At the end of the day, people are driven by different motivations to work out, and I’m not here to preach that one way is better than another – that’s for each individual to decide. But I would encourage anyone who finds themself obsessing over how they look and fretting about each pound to consider looking at their body/weight/working out in a different light. Rather than exercise to look a certain way; I’d encourage them to try setting an athletic goal or signing up for a race they’ll have to really train for in order to finish injury-free. There’s a good chance that focusing on something positive (i.e. an accomplishment) will actually help them reach their aesthetic goal sooner than when focusing on trying to lose ornery weight. It’s human nature to want to look attractive, so I’m not trying to imply that it is more noble to work out to accomplish something than to look good; I’m just saying that my research indicates it’s easier to hit an aesthetic goal by focusing on an athletic goal.
If any of this resonates with you, I say get out there and sign up for something out of your comfort zone and immerse yourself in the training of it so deeply that you don’t have time to analyze every inch of your body. Train so hard you’re too tired to step on the scale, and maybe one day, on your way out for a summer run, you’ll catch a glimpse of your midsection in the mirror, see some ridges, and say to yourself, “hot damn, you look good,” with a satisfying smile.
They were wrong.
It’s not so much that I want to tell them for personal gratification. I’ve come to a beautiful, freeing place in my life, now that I’m a parent, where I simply don’t have the time or energy to care anymore about what people think. My main motivation for writing this post is to let other pregnant women know that what I was doing was fine and healthy for my baby, in case they needed reassurance, as they search for the right balance for them. That’s right – everyone is different, so because I did x or y exercise doesn’t mean someone should follow me exactly, but hopefully sharing my experience training while pregnant will encourage others to do the research needed to figure out what they can do to exercise and stay healthy and fit while pregnant, too – not just for themselves, but for their baby, too, (rather than stay away from all exercise for fear of overdoing it). How does one go about this? Well, it’s not easy. As a professional athlete with many good years of competition left, I wanted to find the balance of staying as fit as I could while erring on the side of safety. I looked for books on high-performance pregnancy, but found practically nothing. A few pro runners have blogs about their experience but I couldn’t find a ton of detail there, so I stared interviewing all of my athletic mama friends. I chatted with everyone from my friends who like to jog for recreation to Olympian Carrie Tollefson, and everyone in between.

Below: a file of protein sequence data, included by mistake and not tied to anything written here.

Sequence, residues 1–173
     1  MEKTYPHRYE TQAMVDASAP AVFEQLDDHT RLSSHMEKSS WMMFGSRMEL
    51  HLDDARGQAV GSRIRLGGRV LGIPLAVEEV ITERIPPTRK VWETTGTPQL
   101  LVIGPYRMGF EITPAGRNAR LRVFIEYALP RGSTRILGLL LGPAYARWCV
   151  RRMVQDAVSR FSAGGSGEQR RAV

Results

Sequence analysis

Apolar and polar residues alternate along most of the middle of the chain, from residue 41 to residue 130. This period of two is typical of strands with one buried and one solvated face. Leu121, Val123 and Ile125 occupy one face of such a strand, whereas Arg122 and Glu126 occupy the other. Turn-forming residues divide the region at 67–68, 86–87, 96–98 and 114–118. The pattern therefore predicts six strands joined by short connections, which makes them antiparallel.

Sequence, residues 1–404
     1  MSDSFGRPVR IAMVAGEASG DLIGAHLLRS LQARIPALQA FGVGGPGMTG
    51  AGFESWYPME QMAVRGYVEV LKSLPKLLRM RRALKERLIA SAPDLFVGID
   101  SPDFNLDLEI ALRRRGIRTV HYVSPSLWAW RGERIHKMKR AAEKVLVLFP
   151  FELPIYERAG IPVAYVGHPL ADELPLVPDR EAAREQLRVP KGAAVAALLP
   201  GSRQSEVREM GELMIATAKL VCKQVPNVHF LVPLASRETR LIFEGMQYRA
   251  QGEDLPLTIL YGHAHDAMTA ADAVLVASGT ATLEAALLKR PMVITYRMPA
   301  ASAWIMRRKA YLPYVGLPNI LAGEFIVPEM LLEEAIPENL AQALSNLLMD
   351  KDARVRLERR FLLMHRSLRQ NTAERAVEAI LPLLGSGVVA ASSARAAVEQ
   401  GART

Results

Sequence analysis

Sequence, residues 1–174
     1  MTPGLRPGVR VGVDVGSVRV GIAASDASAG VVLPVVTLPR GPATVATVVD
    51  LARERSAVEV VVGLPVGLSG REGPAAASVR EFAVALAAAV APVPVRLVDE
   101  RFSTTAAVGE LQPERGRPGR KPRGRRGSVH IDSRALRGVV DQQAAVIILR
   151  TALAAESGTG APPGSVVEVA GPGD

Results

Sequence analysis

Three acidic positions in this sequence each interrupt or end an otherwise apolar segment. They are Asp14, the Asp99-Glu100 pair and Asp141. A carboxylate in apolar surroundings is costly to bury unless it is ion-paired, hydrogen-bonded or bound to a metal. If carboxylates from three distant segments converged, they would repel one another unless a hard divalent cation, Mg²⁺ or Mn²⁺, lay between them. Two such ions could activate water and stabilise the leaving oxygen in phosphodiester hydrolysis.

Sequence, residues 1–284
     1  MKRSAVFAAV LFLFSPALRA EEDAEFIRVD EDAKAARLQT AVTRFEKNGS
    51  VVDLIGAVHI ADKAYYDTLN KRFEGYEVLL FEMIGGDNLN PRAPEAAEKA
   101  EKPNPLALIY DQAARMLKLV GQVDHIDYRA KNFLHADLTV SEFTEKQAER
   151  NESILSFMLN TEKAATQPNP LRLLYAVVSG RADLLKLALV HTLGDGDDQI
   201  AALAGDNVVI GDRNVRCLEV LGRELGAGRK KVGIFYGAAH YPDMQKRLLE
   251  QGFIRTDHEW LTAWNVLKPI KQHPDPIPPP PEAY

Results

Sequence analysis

What I ended up finding out was right for me was getting rid of my tempo runs, fartlek workouts, and interval workouts, but maintaining my speed drills (e.g. high knees, butt kicks, skips), along with solid-effort sprints that lasted under a minute or so. I continued to strength train, even lifting a significant amount of weight, just not as much as before and I did it all very slowly and carefully, with full and proper form and engagement. That’s what felt right for me. I know some women with healthy babies who still did tempo runs. I have a friend who went skiing well into her second trimester (something I wouldn’t have done) because she is an excellent skier, (far better than I am). The universal truth, besides being careful not to get overheated, is to LISTEN TO YOUR BODY. Now, people throw that term out all the time. And I thought I listened to my body pretty well as an athlete. I had two stress fractures in my first decade of running – just enough to now know and respect the signs of onset before they lead to another such injury.
If you feel judged as a pregnant person or as a parent, you may not know exactly what you’re doing (nobody does!), but just remember, you care more about your baby than anyone else does, especially some random stranger on social media. Whether others are well-meaning or just feeling judge-y, please try to brush off what they say, (at least that’s what I tell myself to do). The next time someone criticizes what I’m doing with my baby, I’m going to ask them for their phone number to come babysit if they think they can do it better. And if they really care that much, they can spend the night and take some night feeding shifts, too.
Listen to me, getting all sassy as a mama.
At the end of the day, with a few rare exceptions, we parents are all trying to do the best we can with the knowledge and experience we may or may not have, feeling scared shitless half the time but going for it anyway.